Last year, PC game developer Wolfire Games filed a class-action lawsuit against Valve, alleging that the way the company operates its Steam platform allows it to unfairly dominate the PC gaming market. Back then, U.S. District Court Judge John C. Coughenour issued preliminary rulings in favor of Valve twice but has now allowed an amended version of the lawsuit to move forward.
As recently noted by Bloomberg Law, the latest decision from Judge Coughenour has given his blessing for essentially a portion of the antitrust lawsuit to move forward. Basically, Wolfire's claims about Steam's policy driving up the prices of games - via 30% sales commissions - and the allegation that Valve exploits the market by retaliating against game developers who sell their games for cheaper outside of its distribution platforms will now face contention in court. Meanwhile, a claim that Valve should split its "gaming platform" and "store" will not be allowed. The judge claims that there is no merit or consumer demand for this split.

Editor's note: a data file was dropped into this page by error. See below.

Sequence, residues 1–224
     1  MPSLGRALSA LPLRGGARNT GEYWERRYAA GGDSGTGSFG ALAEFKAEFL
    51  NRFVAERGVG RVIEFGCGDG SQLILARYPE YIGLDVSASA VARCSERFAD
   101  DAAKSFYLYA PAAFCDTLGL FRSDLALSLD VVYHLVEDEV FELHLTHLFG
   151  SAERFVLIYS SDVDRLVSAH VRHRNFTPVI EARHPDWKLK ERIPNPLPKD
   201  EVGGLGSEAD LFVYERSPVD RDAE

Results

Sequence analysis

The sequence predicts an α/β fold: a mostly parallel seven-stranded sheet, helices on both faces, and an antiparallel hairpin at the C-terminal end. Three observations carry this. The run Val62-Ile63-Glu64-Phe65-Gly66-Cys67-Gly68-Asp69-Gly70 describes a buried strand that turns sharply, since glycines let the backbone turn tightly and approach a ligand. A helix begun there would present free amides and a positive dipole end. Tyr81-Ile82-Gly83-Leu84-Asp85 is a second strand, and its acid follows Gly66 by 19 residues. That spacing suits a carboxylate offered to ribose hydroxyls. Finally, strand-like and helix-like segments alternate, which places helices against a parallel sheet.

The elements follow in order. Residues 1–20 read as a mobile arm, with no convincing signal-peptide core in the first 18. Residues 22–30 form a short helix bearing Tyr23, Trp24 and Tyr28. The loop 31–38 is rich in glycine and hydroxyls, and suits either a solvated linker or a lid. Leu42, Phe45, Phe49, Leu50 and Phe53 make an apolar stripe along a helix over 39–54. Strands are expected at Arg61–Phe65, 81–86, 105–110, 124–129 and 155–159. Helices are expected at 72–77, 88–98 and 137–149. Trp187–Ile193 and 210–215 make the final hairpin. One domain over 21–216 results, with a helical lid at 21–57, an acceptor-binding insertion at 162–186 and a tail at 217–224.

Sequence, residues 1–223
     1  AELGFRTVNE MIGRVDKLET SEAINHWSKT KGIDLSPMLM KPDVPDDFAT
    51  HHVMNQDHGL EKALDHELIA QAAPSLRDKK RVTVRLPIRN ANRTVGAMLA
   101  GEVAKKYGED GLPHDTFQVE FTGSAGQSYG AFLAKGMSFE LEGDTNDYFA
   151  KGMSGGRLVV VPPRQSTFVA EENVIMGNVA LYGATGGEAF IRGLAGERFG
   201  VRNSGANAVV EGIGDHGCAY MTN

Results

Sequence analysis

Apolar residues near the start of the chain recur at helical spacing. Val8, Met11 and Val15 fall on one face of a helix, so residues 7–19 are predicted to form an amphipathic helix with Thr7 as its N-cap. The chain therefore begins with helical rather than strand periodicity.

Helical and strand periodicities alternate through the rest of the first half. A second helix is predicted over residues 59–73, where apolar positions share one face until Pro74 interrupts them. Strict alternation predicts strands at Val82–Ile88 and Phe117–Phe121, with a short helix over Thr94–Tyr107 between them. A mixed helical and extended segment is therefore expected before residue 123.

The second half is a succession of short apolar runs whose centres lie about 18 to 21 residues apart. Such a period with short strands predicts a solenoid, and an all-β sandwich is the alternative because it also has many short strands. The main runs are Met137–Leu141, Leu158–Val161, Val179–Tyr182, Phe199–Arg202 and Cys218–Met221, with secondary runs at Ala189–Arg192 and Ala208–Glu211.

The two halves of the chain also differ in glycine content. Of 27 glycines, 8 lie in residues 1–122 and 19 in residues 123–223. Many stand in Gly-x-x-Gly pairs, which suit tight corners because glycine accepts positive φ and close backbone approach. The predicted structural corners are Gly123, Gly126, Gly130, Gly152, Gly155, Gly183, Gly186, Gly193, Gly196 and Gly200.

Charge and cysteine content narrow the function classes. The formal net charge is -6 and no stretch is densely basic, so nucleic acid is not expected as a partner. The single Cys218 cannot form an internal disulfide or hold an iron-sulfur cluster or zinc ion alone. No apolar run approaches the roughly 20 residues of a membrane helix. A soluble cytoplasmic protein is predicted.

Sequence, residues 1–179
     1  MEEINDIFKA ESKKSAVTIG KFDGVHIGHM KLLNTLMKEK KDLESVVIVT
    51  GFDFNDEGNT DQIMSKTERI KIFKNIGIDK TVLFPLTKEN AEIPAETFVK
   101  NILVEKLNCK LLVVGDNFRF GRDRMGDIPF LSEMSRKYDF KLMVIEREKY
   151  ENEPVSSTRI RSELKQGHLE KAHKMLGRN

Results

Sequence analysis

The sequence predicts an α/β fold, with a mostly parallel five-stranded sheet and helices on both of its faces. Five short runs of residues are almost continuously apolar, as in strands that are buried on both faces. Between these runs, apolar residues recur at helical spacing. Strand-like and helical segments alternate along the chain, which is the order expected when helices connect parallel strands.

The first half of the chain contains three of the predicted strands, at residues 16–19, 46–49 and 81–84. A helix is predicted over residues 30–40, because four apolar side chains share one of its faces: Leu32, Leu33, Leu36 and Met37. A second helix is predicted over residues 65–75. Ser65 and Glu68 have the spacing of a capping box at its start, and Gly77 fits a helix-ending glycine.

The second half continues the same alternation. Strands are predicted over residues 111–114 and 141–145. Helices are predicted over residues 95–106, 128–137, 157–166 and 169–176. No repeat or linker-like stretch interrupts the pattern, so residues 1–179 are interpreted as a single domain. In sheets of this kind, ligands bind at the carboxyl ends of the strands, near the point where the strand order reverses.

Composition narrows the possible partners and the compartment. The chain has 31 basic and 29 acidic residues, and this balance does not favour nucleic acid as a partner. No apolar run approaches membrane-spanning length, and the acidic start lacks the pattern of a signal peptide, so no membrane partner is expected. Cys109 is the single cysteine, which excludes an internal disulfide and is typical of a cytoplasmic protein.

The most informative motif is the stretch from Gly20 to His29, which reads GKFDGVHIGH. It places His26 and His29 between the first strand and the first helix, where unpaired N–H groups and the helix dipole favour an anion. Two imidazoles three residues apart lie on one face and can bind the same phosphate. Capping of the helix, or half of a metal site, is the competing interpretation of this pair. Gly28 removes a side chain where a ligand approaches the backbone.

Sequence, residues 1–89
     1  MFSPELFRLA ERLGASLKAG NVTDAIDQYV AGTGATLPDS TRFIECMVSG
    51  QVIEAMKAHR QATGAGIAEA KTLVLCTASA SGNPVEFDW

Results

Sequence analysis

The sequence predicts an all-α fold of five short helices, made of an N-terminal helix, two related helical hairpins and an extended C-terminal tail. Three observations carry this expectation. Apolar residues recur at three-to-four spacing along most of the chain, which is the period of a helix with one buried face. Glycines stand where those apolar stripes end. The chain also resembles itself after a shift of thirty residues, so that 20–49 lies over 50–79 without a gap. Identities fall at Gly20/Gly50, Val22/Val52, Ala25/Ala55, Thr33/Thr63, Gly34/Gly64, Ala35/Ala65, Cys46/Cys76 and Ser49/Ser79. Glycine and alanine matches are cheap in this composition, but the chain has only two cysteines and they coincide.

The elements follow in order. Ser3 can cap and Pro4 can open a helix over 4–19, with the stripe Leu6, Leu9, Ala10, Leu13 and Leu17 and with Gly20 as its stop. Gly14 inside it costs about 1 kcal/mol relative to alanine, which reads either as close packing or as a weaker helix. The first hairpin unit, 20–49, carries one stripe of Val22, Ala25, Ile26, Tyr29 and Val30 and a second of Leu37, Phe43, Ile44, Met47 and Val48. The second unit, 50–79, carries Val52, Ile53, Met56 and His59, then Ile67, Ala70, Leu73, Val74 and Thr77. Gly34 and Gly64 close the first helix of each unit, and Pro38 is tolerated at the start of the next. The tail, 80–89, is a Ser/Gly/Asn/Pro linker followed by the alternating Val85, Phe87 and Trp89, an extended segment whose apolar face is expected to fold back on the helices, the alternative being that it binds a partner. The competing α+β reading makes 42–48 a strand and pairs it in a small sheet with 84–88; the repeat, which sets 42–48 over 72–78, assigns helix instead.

In his latest ruling, Judge Coughenour pointed out that Valve allegedly uses a combination of "written and unwritten rules" to assert its dominance in the PC gaming market. He emphasized that the lawsuit also claims that Valve controls how non-Steam games are priced, and as such, "these allegations are sufficient to plausibly allege unlawful conduct".
The judge also backtracked on his earlier ruling that stated that there is no evidence that Valve's practices have raised game prices over the years. He had emphasized that even when Steam was competing against physical stores, it "did not need market power to charge a fee well above its cost structure because those brick-and-mortar competitors had a far higher cost structure".
It remains to be seen how the lawsuit will progress given the initial challenges for the plaintiff, but we'll keep you updated.